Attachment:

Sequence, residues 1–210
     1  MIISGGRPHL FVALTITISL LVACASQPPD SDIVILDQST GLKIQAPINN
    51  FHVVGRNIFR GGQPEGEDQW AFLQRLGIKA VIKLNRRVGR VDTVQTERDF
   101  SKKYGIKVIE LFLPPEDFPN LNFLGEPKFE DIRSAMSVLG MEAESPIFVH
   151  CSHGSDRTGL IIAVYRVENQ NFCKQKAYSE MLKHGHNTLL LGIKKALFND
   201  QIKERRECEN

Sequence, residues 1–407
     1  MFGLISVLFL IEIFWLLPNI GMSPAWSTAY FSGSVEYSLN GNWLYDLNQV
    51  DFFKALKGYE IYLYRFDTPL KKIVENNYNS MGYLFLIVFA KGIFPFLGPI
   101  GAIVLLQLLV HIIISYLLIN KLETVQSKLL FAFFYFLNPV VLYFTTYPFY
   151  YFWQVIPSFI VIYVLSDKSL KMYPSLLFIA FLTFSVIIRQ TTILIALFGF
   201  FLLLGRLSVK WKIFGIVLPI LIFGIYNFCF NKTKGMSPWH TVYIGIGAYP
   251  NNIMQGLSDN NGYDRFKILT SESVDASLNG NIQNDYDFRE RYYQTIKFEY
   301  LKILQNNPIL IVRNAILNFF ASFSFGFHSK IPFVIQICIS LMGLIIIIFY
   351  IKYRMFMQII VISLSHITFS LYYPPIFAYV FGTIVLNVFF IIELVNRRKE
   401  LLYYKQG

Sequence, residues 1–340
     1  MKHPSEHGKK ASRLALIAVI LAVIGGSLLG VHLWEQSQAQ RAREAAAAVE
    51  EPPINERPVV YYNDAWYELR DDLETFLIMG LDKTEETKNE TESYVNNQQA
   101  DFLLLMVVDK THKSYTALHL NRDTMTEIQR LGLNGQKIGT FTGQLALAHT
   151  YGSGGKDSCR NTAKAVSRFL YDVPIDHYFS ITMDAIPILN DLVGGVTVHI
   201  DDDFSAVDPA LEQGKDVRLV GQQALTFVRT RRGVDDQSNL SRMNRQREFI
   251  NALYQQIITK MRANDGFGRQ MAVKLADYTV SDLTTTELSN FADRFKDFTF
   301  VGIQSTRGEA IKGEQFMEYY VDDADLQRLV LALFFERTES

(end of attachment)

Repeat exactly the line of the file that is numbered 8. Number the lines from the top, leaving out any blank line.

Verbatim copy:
     1  MFGLISVLFL IEIFWLLPNI GMSPAWSTAY FSGSVEYSLN GNWLYDLNQV